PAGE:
Particular Concepts: Hands-On Particulate Physics Activities (Secondary-Adult)

Particular Concepts: Model Construction and Templates (Secondary-Adult)

By Elsie Spry
Particular Concepts
www.particularconcepts.org

Particular Concepts: Hands-On Particulate Physics Activities and Particular Concepts: Model Construction and Templates are manuals for hands-on physics activities for grades 7 through 12. In addition to the manuals, you will need various items to complete the experiments. For Particular Concepts: Hands-On Particulate Physics Activities, you will need items such as a ruler, boxes, sandpaper, Duplo blocks, rice or sand, and other household or easily obtained items. For Particular Concepts: Model Construction and Templates, you will need tape, Lego and Duplo blocks, clear clipboards, rubber bands, chopsticks, and sand.

Particular Concepts: Hands-On Particulate Physics Activities contains eight different hands-on activities that "apply the forces of particulates." Each activity includes a "Discussion/Explanation" page, worksheets with questions for the student, and charts to record findings. The activities include "Sliding Box," "Ramp Force," "Angle-of-Repose," "Density," "Rankine Unchained," "Spry Retaining Tower," and "In The Groove." In addition, there is a section on inductive and deductive reasoning, followed by "'Particular' Compound Machine: Ancient Mystery," where the objective is to "move, raise, and erect an obelisk, using materials and machines readily available to the Ancient Egyptians."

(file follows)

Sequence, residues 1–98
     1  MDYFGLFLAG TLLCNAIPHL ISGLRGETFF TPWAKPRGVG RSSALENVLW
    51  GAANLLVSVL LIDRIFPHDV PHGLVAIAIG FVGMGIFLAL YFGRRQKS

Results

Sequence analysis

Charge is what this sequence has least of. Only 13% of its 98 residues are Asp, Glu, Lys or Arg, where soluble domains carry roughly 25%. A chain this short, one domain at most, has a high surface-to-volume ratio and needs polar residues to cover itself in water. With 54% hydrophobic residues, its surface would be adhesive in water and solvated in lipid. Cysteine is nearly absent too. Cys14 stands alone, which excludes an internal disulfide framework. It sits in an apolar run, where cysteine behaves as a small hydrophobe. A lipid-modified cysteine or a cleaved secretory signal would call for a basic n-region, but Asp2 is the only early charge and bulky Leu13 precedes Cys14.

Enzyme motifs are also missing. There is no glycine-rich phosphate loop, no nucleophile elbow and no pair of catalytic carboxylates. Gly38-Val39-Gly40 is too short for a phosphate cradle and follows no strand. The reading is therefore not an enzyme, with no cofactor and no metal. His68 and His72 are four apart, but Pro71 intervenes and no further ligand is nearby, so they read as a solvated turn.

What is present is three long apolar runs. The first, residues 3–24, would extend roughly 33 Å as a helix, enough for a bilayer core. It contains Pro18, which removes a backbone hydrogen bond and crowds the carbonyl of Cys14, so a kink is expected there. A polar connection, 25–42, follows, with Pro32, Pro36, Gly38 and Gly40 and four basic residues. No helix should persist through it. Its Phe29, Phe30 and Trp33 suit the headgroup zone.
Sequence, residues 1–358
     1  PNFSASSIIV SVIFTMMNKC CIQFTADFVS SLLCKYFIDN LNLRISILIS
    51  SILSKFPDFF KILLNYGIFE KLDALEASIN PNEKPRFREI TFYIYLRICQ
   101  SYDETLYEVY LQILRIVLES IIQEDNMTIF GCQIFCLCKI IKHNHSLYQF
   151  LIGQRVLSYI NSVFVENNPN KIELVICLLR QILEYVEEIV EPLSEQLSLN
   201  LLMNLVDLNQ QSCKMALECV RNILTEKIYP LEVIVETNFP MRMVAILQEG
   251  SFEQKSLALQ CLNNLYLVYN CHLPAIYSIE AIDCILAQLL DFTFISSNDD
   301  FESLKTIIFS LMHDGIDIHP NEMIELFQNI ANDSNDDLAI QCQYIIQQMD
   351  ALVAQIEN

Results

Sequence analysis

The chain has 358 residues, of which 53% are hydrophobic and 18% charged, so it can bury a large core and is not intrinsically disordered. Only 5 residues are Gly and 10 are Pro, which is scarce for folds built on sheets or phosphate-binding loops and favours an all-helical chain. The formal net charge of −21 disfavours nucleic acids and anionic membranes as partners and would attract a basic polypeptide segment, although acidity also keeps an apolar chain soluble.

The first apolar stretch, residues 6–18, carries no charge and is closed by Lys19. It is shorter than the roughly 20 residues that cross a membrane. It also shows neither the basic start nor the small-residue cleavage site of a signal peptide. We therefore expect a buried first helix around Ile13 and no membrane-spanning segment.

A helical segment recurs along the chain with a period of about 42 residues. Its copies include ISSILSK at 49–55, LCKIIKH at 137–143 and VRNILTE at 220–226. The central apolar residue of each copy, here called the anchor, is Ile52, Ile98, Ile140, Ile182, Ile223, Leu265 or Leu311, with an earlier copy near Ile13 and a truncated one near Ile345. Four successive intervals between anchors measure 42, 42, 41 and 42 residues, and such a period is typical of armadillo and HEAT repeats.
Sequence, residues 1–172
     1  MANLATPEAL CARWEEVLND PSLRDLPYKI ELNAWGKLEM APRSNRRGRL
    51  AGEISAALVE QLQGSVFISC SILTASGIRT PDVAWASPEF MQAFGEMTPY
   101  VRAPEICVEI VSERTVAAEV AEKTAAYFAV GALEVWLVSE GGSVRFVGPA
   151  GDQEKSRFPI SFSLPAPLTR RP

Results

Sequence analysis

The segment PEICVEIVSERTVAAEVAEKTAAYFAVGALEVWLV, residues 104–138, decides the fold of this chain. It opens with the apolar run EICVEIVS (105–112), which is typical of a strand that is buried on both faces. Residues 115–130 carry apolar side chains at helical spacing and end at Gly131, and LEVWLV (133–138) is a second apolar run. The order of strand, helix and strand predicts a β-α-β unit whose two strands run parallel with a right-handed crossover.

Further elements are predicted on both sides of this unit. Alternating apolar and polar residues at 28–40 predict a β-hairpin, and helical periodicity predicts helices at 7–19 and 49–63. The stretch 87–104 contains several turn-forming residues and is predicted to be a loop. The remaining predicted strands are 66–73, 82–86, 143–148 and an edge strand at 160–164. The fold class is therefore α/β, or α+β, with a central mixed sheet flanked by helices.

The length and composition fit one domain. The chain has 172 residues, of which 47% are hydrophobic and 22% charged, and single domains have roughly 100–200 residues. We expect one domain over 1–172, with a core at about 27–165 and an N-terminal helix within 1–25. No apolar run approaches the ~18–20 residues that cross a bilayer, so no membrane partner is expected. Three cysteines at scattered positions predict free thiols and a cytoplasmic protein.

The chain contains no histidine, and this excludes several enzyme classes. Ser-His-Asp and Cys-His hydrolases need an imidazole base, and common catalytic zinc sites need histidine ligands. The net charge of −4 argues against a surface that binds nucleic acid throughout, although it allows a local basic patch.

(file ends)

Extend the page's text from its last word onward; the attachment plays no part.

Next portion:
Particular Concepts: Model Construction and Templates contains plans to build a "'Spry Shear Cell Model," a "'Particular Wall Retaining Tower," an "In The Groove Turning Tower," as well as the "Ancient Mystery" project that is listed above. These models are all constructed with Lego and/or Duplo, and there is a chart that lists the blocks you will need. There is no explanation for the projects, only instructions and templates. There are YouTube videos available (accessible from the Particular Concepts website) that show a quick assembly of the project and what the final outcome should be.

I found these books to be extremely confusing, and I can't see myself ever using them in our homeschool. I enjoy science and am typically not intimidated by it, but I have no degree or serious background in physics. Even after studying these manuals, I'm unsure about my ability to teach the concepts. The presentation of information is puzzling, and the YouTube videos show the experiments but offer no explanation. The website is difficult to navigate. I was unable to locate these books on the website, so I don't know how much they cost. They might be great for an older student who is strong in physics, or for a parent who has a background in physics, but I would hesitate to recommend them.

Product review by Courtney Larson, The Old Schoolhouse® Magazine, LLC, January 2010